Volkswagen plans to kick off worker training for the Chattanooga plant in October, likely with high-skilled people dealing with the prototype of the new vehicle.

Gary Booth, manager of training and development for VW's operations in Chattanooga, said the early 2011 opening for the $1 billion plant seems a long way off, but to him is just around the corner.

"We better be ready to start in October," he said.

While ground has been broken on the Volkswagen Training Academy at the Enterprise South industrial park site, VW and Chattanooga State Technical Community College are working on training modules such as technology, quality control, leadership and lean manufacturing processes, the VW official said.

"It's going to be a world-class training system," Mr. Booth said. "The launch curriculum is being assembled now."


He said one of the "common denominators" that will cut through all the jobs at the plant will be the use of teams.

"An individual who comes to work at Volkswagen will immediately go into a team meeting," said Mr. Booth, who came to VW after an 18-year career with parts maker Denso in East Tennessee. "If they punch a time clock, they're not going to go to their line and start working."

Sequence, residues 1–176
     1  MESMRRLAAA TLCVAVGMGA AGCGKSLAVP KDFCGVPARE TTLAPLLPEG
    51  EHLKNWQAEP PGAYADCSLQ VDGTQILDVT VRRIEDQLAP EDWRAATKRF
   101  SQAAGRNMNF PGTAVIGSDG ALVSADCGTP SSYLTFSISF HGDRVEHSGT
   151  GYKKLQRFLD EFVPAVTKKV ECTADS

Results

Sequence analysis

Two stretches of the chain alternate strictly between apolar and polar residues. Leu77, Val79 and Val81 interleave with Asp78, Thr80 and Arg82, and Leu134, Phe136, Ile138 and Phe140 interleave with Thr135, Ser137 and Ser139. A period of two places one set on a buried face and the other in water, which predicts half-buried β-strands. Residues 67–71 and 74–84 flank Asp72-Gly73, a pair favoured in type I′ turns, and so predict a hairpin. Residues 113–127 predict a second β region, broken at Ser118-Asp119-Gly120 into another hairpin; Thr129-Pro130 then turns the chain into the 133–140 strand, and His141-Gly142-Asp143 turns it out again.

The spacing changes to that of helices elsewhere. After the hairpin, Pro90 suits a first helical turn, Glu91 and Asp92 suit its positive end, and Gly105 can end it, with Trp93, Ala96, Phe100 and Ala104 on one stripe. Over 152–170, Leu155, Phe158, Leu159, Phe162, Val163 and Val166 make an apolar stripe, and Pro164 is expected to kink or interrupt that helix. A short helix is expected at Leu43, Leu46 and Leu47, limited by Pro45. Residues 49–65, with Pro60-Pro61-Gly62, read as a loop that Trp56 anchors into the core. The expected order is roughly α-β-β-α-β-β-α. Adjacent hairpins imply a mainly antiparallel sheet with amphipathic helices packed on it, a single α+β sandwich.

The team will talk about production, systems and issues and challenges it will face along with the goals and objectives for that workday, he said.

"It's not an opportunity to punch a time card, go to work, go on a break, punch a time card and go home," Mr. Booth said.

He said maintenance people who work on the factory equipment will be multiskilled.

"We will not have electricians. We will not have mechanics," Mr. Booth said. These workers may not be able to solve every electrical or mechanical problem, but they'll at least diagnose the issue so a specially skilled person can be brought in, he said.

Whether an employee is an assembly operator, paint team worker or body welder, during the day or at least the week he will attend a team meeting sometimes called a quality circle, Mr. Booth said.

"They'll begin to look at their own processes. It might enable them to do their job more efficiently," he said.

Also, people won't just work on their own positions; they'll rotate during the day into other processes, Mr. Booth said.

"While you might be assembling wire harnesses at one point. You might be doing something completely different on the same line," he said. "There's going to be a mix of skills."

Mr. Booth said he can't underestimate the importance of math ability among employees.

"It will be part of the pre-employment exercise," he said. "I strongly recommend people have the skills in math. It goes into reasoning. It goes into problem solving."

Jeff Olingy, CSTCC's vice president for economic and community development, said one of the challenges the college hears from business is producing employees who show up on time and are willing to work.

"When it all comes together ... it's about producing results," he said. "Nobody cares about how hard you work. It's what did you produce today that's valuable to the organization."

VW is to employ about 2,000 people when it is up to full production of a new midsize sedan. In addition, an array of suppliers is expected to move into the area, creating more jobs.